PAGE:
Garrett Temple

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Kyrie Irving on Nets: ‘We need one more piece or two more pieces’

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With Spencer Dinwiddie leading the way, the Brooklyn Nets scrapped and clawed their way to a 13-13 record while Kyrie Irving was out dealing with his shoulder bursitis (that’s what it was, no matter how the Nets try to spin it).

Irving’s back, the Nets have gone 1-2 with him, and already he sounds like, well, Kyrie Irving.

After Wednesday’s loss to Philadelphia — where the Sixers, not Irving, took over the fourth quarter (31-16) — Irving did not exactly give the Saint Crispin’s Day speech to fire up the troops for battle. Here’s the full quote, via Tim Bontemps of ESPN:

“I mean, it’s transparent. It’s out there. It’s glaring, in terms of the pieces that we need in order to be at that next level,” Irving said… “I’m going to continue to reiterate it. We’re going to do the best with the guys that we have in our locker room now, and we’ll worry about all the other stuff, in terms of moving pieces and everything else, as an organization down the line in the summer.

“It’s just something that we signed up for. We knew what we were coming into at the beginning of this season. Guys were going down left and right. [Garrett Temple] is out, [DeAndre Jordan] just got hurt tonight, Wilson [Chandler] is coming back. We’ve got complimentary young guys as well that have done a great job the last three years.

“Collectively, I feel like we have great pieces, but it’s pretty glaring we need one more piece or two more pieces that will compliment myself, [Kevin Durant], DJ, GT, Spence [Dinwiddie], Caris [LeVert], and we’ll see how that evolves.”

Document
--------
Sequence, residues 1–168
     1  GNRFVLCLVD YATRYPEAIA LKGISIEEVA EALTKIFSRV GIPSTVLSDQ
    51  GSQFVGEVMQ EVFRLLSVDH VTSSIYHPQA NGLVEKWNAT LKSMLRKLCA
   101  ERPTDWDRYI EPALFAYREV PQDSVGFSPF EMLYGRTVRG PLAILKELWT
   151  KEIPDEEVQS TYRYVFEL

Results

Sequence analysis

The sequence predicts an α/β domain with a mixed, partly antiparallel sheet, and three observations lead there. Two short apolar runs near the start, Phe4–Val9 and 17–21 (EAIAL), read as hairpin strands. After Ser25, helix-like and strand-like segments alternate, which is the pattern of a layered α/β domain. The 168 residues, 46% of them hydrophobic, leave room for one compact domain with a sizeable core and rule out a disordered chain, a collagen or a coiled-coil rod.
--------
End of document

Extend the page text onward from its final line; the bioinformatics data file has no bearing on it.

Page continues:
Irving was 6-of-21 shooting against the Sixers and 1-of-7 in the fourth quarter, looking like a guy with some tired legs playing his first back-to-back since his return. He sounded frustrated and spoke his mind. This is what Irving does, but it opens him up to pushback, such as this from NBC’s own Tom Haberstroh.

Do the Nets need more “pieces” to compete with the Bucks at the top of the East?. Probably. But how is it fair to judge that — or call out the franchise like that — when Irving just returned from injury, Kevin Durant is likely out for the season, Caris LeVert also just back from injury, Garrett Temple out, and all the new faces still adjusting to playing next to each other. Irving knew what he signed up for, this season was always a placeholder until the Nets got healthy next season.

At the franchise’s lowest point, the Nets brought in Sean Marks as GM, hired Kenny Atkinson as coach, and built a Spursian “team first, lunchpail work ethic” squad — one that ground its way to the playoffs last season without “stars.” That same style and identity were behind the team that went 13-13 without Irving to get back in the playoff mix this season.

The Nets have an identity. With Irving now, and Durant over the summer, the Nets will add elite talent to that mix, but also two big egos, guys used to winning by doing things their way. It’s an interesting chemistry experiment, one that could end a number of different ways.

Already we see some chemistry reactions, and things could get interesting going into the summer.

Three Things to Know: This is the confident Markelle Fultz we’ve been waiting for

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Every day in the NBA there is a lot to unpack, so every weekday morning throughout the season we will give you the three things you need to know from the last 24 hours in the NBA.